This brings us to the second question. How does one avoid killing the messenger? Unlike the Soviet era, support lent by the United States to Middle Eastern dissidents, defenders of democracy or moderate Islamists does not strengthen their hand but diminishes their credibility in the eyes of the population. The USA is “radioactive” because people are suspicious of its intentions and critical of its methods. Does this mean that Europeans should ignore these dissidents and condemn them to their fate, put our ideals back in the box and merely whisper our desire for democratic change?
Third question: Do we have to proclaim democracy from the rooftops and make it the centerpiece of our foreign policy as the Americans do (Condi Rice want to it the organizing principal of the 21st century) and run the risk of looking like hypocrites? If George Bush and his Secretary of State can talk about freedom but never mention human rights in their speeches, does that mean that human rights are not applicable, especially to their own administration?—Which, by the way, frequently ignores them (cf. Guantanamo, Abu Ghraib, etc.).
In contrast Europe insists on the strength of example. Europe takes seriously the alliance of values which Condi Rice mentions. The advances of multilateralism and the law which Europe has fostered – for example, the International Criminal Court – and the impartiality and legitimacy which they confer, are part of a democracy-promoting policy.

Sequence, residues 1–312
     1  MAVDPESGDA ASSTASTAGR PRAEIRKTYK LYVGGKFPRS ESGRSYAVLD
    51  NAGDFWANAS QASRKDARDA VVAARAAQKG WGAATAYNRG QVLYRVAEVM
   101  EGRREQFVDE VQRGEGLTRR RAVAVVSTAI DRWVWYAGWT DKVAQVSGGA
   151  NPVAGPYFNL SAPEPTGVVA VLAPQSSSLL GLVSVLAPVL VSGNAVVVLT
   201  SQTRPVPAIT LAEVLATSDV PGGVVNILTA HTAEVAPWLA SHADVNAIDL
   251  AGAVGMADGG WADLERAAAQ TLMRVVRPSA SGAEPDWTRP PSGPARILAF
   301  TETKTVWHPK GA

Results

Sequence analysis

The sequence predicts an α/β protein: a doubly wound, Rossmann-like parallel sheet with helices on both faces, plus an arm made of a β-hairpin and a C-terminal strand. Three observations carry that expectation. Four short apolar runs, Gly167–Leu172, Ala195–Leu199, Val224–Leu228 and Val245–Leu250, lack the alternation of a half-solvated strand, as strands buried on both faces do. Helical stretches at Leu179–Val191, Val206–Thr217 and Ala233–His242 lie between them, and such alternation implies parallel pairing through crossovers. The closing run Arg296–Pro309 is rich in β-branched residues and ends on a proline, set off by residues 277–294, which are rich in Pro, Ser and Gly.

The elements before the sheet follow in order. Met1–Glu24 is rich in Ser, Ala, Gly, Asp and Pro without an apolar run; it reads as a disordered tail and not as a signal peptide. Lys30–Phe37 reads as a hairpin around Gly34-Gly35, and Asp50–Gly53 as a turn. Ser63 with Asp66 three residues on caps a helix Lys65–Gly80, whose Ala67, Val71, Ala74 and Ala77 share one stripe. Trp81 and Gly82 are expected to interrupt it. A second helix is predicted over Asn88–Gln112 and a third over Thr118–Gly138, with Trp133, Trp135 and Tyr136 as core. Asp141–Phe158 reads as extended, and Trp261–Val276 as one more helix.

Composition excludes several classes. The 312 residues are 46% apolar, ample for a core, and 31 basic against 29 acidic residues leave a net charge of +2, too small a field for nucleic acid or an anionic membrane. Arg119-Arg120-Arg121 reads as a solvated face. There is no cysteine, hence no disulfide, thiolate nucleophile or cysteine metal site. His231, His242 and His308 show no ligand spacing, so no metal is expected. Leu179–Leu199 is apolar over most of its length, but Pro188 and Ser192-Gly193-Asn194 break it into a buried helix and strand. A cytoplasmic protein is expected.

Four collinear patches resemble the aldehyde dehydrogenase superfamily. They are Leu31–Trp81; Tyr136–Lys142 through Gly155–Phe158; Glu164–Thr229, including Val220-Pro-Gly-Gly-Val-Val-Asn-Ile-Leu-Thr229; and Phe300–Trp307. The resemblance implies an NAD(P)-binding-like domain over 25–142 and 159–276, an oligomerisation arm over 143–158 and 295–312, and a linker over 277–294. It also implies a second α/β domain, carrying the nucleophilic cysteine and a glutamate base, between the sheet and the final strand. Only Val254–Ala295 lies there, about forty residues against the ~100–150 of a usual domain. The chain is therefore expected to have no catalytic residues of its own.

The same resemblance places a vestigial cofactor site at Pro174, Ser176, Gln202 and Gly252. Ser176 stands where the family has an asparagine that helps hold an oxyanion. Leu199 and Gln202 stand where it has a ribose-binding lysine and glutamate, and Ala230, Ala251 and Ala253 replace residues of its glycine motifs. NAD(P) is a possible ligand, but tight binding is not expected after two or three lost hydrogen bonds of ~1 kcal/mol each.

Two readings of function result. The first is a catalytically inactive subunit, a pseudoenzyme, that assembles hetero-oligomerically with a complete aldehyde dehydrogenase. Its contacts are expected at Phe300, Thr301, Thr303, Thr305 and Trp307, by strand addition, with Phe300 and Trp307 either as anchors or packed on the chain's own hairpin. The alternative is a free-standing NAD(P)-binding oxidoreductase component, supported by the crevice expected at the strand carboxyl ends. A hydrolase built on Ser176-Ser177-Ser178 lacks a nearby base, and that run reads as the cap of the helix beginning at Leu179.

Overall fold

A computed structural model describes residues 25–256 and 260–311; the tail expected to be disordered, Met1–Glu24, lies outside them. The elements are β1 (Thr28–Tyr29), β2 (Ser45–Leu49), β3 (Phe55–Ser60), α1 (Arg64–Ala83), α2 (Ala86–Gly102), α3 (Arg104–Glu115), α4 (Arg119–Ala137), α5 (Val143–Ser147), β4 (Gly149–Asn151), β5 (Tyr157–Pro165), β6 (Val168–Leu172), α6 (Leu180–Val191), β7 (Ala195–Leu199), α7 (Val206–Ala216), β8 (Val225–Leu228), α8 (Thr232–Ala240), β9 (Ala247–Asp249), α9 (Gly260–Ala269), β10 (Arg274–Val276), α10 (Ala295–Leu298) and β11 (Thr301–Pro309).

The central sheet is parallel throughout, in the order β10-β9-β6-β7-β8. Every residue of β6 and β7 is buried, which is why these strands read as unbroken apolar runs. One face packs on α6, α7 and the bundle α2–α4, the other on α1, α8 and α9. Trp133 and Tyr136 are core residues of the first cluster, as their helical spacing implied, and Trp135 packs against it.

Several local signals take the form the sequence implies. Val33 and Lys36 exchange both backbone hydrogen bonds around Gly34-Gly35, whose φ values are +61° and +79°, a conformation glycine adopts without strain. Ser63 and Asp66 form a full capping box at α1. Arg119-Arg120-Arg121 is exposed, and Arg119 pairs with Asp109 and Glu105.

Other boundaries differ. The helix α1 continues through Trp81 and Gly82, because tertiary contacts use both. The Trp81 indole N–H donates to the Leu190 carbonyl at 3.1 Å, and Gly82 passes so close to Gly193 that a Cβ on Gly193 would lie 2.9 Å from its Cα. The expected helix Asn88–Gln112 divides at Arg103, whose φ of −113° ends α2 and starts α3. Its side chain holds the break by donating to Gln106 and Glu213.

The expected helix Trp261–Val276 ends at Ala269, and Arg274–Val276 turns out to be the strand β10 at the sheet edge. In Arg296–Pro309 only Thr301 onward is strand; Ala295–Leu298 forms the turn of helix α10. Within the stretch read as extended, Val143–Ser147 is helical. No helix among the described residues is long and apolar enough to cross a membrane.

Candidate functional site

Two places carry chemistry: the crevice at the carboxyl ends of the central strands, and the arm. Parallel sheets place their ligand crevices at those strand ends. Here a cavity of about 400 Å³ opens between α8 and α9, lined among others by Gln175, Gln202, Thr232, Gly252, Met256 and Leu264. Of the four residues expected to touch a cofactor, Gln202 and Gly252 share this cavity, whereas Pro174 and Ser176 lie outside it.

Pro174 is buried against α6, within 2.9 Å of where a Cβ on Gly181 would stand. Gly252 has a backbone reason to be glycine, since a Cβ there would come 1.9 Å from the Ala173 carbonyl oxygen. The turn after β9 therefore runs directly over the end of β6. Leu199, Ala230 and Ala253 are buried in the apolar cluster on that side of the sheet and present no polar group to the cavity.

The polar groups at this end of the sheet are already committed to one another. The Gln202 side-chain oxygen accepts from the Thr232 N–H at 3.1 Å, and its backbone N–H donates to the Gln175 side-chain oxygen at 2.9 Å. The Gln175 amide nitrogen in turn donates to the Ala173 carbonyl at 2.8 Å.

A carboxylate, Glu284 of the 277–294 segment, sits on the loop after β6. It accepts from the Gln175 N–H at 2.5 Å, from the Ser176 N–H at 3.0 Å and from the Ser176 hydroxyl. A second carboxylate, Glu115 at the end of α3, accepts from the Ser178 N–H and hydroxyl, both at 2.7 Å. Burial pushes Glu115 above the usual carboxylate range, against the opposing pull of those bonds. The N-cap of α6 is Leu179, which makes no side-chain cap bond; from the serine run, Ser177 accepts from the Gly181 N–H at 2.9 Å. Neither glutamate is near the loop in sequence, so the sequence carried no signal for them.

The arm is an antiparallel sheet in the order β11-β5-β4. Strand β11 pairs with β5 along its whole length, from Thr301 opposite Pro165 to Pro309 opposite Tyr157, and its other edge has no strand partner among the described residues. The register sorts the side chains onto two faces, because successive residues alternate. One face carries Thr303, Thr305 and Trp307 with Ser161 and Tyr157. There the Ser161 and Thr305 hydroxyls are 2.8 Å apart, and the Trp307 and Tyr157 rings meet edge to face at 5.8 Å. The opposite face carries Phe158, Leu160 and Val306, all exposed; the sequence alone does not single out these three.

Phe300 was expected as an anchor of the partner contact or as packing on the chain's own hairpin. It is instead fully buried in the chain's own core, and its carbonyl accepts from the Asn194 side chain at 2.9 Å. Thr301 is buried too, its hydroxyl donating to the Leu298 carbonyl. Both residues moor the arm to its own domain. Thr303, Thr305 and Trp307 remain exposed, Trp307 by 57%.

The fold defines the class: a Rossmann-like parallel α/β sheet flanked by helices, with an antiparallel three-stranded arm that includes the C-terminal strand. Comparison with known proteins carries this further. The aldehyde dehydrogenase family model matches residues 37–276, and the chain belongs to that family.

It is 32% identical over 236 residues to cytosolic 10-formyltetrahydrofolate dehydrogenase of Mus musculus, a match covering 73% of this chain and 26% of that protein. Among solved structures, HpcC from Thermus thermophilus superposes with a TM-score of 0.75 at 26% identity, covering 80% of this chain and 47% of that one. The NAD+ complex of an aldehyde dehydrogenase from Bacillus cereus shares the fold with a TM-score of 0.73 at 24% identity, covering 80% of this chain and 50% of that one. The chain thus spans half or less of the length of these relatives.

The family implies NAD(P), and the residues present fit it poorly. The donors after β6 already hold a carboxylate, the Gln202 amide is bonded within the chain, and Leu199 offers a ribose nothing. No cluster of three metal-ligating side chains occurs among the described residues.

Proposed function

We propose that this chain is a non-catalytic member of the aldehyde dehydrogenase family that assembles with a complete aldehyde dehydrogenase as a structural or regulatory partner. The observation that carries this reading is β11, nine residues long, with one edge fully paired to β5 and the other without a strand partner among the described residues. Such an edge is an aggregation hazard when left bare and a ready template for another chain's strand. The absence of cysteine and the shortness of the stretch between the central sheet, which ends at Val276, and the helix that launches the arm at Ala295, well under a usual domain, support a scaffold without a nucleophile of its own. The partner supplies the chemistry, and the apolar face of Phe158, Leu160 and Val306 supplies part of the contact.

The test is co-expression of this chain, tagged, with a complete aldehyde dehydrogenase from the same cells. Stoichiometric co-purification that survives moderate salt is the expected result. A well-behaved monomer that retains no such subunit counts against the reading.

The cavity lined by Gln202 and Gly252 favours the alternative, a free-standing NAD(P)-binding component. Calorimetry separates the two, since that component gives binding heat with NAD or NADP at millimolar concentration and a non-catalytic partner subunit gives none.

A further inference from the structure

Fourth consideration. The Americans believe that freedom is the key for stability, economic development and justice. But the Europeans believe that injustice makes freedom impossible. We see that in the Middle East every step forward in the peace process reinforces the moderates and each step backward reinforces the extremists, who will never bring about democracy. Justice is a condition for democracy and for economic prosperity. Extreme poverty, massive inequality and degradation of the ecosystem do not make a good home for democracy - as Tony Blair and Jacques Chirac said in Davos on 26 January - and European aid programs are necessary pillars for the promotion of liberty.
Fifth and most important, if the Europeans and the Americans wish to implement effective measures in promoting democracy, then they must agree on the priority of competing political objectives. Regime change in Iraq has turned back the clock the war on terror. American refusal to unequivocally back the European Union in its negotiations with Teheran for fear of legitimizing the mullahs risks making Iran even less democratic—and possessing nuclear warheads.
Last, how far is Condi Rice prepared to go – and where does Europe stand – on the terrain of democracy in Russia, where events are evolving in a worrisome manner, and above all in China?
Justin Vaïsse is a historian specializing in United States history. He teaches at the Institut d'études politiques in Paris.